Category: Jefferson County Commission
Commissioner Steve Ammons could have been humming the country song ‘Dance With Who Brung You’ as he talked about Jefferson County working to hold onto businesses while striving to add new businesses to its dance card.
The subject came up after the Jefferson County Commission today approved an incentive package to keep Samuel Associated Tube Group of Birmingham from leaving the county.
Instead, the manufacturer of small diameter electric-resistance-welded and fabricated carbon steel tubing is moving just a few miles away, remaining in the Pinson area.
Jefferson County Commission President Jimmie Stephens used the commission’s committee meeting today as a platform to dispel the misconception that county government is raising property taxes through reappraisals.
“There’s a misconception that the county commission is responsible for this and I want everyone to be clear that the county commission is not responsible for this,” Stephens said. “This is a state function.”
However, county employees do conduct the property appraisals, Stephens said. Property values assigned by the county’s Board of Equalization reflect property sales activity in the market, the chairwoman of the board said. Read more.
Tony Petelos told the Jefferson County Commission Tuesday that he and others would meet Wednesday with employees of Cooper Green Mercy Health Service in the next step toward its transition to a health authority.
The county manager said the employee meetings will begin at 7:30 a.m. and continue until about noon in the Cooper Green cafeteria.
“We’ll have people with UAB and also our payroll folks talking about the transition,” Petelos said. “We’ve moved the transition date to approximately April 1st. We’ll talk about the benefits and all the benefits will be transferring over to the health care authority.” Read more.
The Jefferson County Commission voted 3-2 for a resolution that executes an amended master agreement to establish the framework for UAB to form an authority to operate Cooper Green Mercy Health System.
Commissioners Jimmie Stephens, Joe Knight and Steve Ammons voted for the measure. Lashunda Scales and Sheila Tyson voted no.
“I think this is really a defining moment for our indigent health care system,” Stephens, the commission president, said immediately following the vote. “Moving forward, I believe our indigents will be able to see a noticeable difference. I believe we’ll improve the quality of our health care and our efficiencies.”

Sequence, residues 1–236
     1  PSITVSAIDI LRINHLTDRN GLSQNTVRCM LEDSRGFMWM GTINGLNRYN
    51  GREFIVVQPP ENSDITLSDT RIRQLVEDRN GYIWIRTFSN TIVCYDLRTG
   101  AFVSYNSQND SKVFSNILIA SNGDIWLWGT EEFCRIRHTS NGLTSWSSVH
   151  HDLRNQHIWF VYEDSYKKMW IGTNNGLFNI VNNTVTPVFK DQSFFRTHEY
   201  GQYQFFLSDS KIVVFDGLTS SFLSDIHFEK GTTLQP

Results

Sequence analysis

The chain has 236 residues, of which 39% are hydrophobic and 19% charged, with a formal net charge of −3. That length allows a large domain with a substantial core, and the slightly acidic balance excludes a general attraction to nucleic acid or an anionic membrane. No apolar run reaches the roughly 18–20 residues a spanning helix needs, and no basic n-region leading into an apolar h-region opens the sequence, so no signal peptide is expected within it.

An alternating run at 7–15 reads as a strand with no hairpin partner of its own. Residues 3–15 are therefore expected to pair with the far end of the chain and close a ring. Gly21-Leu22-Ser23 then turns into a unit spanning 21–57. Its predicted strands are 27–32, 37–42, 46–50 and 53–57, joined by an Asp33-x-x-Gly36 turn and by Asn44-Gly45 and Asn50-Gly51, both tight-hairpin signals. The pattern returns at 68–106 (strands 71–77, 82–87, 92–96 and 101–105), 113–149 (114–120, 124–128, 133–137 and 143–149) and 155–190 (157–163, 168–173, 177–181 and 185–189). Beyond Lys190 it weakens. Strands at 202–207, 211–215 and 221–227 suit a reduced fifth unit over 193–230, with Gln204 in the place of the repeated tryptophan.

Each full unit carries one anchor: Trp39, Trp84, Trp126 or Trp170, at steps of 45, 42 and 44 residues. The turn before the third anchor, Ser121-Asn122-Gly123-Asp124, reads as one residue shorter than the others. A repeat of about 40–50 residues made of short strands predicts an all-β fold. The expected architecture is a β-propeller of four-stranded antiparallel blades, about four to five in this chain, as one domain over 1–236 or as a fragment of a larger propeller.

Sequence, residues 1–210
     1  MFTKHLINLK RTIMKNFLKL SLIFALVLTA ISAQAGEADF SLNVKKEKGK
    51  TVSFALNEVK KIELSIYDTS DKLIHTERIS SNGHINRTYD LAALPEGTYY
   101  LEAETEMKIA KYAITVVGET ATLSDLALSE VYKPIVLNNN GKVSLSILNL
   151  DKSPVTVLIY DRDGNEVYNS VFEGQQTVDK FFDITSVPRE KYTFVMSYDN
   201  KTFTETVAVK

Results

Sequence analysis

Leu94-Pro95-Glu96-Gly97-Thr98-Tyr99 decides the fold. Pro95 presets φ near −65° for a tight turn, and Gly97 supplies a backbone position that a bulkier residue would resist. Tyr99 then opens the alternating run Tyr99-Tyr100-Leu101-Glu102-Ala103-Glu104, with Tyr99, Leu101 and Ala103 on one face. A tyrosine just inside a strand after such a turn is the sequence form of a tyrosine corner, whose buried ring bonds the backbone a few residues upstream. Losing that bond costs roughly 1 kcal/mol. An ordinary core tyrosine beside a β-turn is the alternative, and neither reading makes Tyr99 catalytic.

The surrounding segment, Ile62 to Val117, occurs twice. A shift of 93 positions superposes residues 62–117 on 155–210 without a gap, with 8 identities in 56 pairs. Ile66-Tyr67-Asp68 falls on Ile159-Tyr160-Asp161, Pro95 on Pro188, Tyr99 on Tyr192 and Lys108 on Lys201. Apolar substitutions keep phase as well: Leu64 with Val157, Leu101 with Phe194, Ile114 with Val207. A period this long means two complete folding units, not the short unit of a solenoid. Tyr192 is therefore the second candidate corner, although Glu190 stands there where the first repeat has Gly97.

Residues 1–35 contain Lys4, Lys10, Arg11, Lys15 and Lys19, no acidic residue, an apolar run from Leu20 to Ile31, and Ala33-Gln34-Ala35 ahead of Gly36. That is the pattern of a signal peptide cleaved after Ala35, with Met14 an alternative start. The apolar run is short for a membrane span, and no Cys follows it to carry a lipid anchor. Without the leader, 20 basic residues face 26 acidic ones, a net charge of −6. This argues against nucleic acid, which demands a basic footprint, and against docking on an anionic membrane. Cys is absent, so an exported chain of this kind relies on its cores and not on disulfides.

Whether current Cooper Green employees who are hired to continue to work with the health care authority may remain in the county retirement system has been a point of concern for Tyson, the chair of the commission’s committee governing Cooper Green, and Scales. Stephens said those employees will have the option to remain in the county’s retirement system or go under a retirement system offered by the authority.
Scales said she voted no because all of the commissioners have not been given information during the negotiations.
“In my opinion, (that) did not occur,” she said. “Because it did not occur, it made me very uncomfortable with voting on a master agreement. I asked several questions I believe went unanswered.” Read more.
The Jefferson County Commission announced today its annual $18 million allocation to local boards of education. These are residents’ tax dollars going back to the community to improve education. Allotments range from $298K for Fairfield schools to $6.6M for Jefferson County schools. Read more.
Updated with video — Despite the “very, very strong” objection of Economic Development Chairman Steve Ammons, the Jefferson County Commission today established new guidelines for using money from the commission’s economic development fund.